As set out below, this has been held to include contractors who provide their labour to principals. For example, if a business engages an individual directly in their personal capacity (i.e. Lara Alto, irrespective of whether they have an ABN or not) to perform services that require them to predominantly provide personal services such as record keeping, they will likely be an “employee” for the purposes of the Act. However, if the business engages a worker through their company (i.e., Lara’s Music School Pty Ltd) then the business will not be liable for superannuation payments.

Moffet’s Case

Dental Corporation Pty Ltd v Moffet [2020] FCAFC 118 (“Moffet’s Case”) concerned a dentist who sold his practice but who then continued to provide dental services as an independent contractor to the new owner. He provided the new dental practice with two benefits: 1) services as dentist, and 2) a guarantee as to a minimum annual cash flow. The Court found that his ability to uphold his guarantee was predicated on his ability to provide dental services (providing labour) and therefore found that the agreement was “wholly or substantially for the new dental practice to receive the benefit of his labour.” As such, the new dental practice was required to make superannuation guarantee payments.

Specifically, Moffet’s Case established that there is no need to examine the nature of the engagement between the principal and the contractor, i.e., whether the individual is a bona fide contractor or not. All that must be ascertained is whether the following three elements of s12(3) of the Act are satisfied:

  1. There is a contract;
  2. That the contract is wholly or principally for the labour of a person; and
  3. That the person must work under that contract (this means that there is an individual working under the contract, not a company; and that there is usually no right to delegate the work under the contract).

Importantly, this means that, irrespective of whether the individual is a bona fide contractor or not under general law, what is relevant instead, is whether the individual is an employee for the purposes of the Act as per the above trifold test outlined above.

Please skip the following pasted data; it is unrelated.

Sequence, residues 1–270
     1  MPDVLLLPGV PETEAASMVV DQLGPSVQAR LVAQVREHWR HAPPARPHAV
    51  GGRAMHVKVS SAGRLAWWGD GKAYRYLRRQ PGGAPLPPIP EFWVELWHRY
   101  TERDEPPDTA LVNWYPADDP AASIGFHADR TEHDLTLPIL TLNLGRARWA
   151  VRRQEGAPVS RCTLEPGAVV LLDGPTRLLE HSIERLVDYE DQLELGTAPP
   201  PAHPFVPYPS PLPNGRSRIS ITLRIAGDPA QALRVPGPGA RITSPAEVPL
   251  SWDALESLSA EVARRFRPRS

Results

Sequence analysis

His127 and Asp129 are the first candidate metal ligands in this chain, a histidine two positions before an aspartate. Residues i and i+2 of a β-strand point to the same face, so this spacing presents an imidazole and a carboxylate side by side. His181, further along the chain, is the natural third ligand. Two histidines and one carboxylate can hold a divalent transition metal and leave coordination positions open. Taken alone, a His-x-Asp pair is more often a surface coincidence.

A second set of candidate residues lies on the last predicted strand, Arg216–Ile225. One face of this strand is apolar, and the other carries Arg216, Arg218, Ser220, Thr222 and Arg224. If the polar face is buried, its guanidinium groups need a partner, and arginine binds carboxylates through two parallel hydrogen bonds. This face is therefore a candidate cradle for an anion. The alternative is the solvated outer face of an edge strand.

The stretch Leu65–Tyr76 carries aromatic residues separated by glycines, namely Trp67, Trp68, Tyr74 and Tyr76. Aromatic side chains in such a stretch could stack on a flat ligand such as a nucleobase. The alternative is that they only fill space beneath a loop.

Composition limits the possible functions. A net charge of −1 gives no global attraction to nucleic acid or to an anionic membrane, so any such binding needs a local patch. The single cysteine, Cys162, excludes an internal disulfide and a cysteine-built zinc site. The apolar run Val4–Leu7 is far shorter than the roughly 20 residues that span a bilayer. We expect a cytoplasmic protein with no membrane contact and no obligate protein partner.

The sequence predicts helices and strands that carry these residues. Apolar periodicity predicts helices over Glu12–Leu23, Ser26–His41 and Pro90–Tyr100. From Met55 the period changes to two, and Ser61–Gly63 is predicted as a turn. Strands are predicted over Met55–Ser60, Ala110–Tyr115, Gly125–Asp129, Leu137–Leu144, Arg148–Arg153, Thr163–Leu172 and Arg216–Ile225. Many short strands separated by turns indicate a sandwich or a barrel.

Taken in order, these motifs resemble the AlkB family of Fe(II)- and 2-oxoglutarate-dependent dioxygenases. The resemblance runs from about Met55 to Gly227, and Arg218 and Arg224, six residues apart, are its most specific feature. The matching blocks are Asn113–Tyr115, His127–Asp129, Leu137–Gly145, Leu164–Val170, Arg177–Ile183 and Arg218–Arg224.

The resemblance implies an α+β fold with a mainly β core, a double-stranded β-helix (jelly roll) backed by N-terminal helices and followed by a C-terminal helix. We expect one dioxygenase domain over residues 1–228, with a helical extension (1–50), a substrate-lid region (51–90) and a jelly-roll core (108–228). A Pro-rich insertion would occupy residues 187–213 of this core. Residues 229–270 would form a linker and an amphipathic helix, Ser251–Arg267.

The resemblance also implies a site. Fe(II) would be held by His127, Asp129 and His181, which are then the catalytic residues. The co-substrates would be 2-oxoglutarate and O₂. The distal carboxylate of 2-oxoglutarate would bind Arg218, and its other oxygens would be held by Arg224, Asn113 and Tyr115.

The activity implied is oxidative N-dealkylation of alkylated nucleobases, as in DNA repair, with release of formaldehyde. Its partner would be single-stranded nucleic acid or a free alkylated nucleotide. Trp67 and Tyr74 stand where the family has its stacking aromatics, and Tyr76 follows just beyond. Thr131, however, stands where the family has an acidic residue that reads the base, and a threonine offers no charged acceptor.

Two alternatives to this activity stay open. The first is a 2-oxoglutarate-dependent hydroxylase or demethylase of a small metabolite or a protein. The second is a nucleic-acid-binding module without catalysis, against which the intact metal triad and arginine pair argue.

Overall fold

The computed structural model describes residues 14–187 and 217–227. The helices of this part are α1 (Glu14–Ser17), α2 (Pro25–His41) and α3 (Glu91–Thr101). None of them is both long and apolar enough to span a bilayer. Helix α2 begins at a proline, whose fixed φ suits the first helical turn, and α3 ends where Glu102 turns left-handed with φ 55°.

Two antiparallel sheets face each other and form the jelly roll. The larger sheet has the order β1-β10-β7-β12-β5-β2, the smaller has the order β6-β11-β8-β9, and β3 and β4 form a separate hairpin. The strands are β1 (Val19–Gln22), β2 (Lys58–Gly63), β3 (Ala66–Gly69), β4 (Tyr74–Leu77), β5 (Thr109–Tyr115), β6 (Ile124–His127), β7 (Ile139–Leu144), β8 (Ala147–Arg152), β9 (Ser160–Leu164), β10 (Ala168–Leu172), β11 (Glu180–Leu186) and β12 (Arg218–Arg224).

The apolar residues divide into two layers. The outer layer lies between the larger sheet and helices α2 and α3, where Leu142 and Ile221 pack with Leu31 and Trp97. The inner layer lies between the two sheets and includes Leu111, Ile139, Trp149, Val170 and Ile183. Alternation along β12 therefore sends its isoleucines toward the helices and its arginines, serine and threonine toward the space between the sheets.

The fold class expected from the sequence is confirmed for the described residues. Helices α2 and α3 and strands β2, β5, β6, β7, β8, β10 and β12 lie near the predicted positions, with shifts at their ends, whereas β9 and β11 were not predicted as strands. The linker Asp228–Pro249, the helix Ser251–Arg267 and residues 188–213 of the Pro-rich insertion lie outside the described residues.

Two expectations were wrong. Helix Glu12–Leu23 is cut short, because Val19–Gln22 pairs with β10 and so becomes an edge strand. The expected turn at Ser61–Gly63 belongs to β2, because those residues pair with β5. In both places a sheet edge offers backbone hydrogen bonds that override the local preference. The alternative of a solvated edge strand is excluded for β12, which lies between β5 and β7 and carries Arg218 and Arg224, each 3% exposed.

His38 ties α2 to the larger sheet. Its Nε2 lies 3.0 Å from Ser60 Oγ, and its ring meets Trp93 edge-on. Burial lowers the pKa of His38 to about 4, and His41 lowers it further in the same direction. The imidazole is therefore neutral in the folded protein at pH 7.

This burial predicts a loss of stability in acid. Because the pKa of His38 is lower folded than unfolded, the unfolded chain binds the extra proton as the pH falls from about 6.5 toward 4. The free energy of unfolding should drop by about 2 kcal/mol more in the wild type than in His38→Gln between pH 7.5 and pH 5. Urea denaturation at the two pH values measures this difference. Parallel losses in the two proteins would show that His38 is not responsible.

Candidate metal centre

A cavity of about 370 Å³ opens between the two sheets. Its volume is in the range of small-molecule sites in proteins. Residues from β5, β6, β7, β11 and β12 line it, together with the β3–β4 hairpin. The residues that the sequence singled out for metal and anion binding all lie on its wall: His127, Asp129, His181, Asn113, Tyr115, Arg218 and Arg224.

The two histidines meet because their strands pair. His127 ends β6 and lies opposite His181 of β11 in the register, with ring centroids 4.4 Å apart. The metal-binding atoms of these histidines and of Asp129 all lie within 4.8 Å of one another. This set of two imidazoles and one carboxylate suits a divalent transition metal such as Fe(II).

Virdis’ Case

Moffett’s Case has more recently been applied in the decision of The Trustee for Virdis Family Trust v FCT (2022) (“Virdis Case”) on 5 January this year. This case was heard by the Administrative Appeals Tribunal (“AAT”) and found that where a plumber was remunerated by the business as an independent contract for his services, superannuation payments were due because the contract was wholly or principally for the labour of that plumber. In the Virdis Case the business argued that the plumber was a contractor not an employee. However, the AAT applied Moffett’s Case and found that this was not a relevant consideration. Instead, it considered whether the contract provided for the performance of work which was ‘wholly or principally for labour of the person’. In making that inquiry, the AAT found that the sole benefit under the contract was the provision of labour and therefore superannuation guarantee payments were due.

Importantly, this finding was made despite a provision in the independent contractor agreement to the contrary, which stated the contractor was responsible for the payment of their own superannuation. Notwithstanding, the AAT found that despite this contractual clause, as the entitlement to superannuation is enshrined in legislation, it cannot be excluded by contract.

JMC Pty Limited v Commissioner of Taxation

The very recent decision handed down on 29 June 2022 of JMC Pty Limited v Commissioner of Taxation [2022] FCA 750 (“JMC Case”) concerns JMC Academy and their engagement of a qualified sound engineer as a lecturer. The lecturer, Mr Harrison, was engaged on several occasions from 2011. The key features of the engagement were as follows, Mr Harrison:

  1. had to keep and submit timesheets, invoices and weekly lesson plans;
  2. was subject to the monitoring and oversight by JMC;
  3. was engaged to provide teaching services including lecturing and marking exams and assessments; and
  4. had no contractual right to sub-contract the work without the approval of JMC, in their absolute discretion.

JMC also operated on the assumption that he was engaged as a contractor and did not make superannuation contribution payments.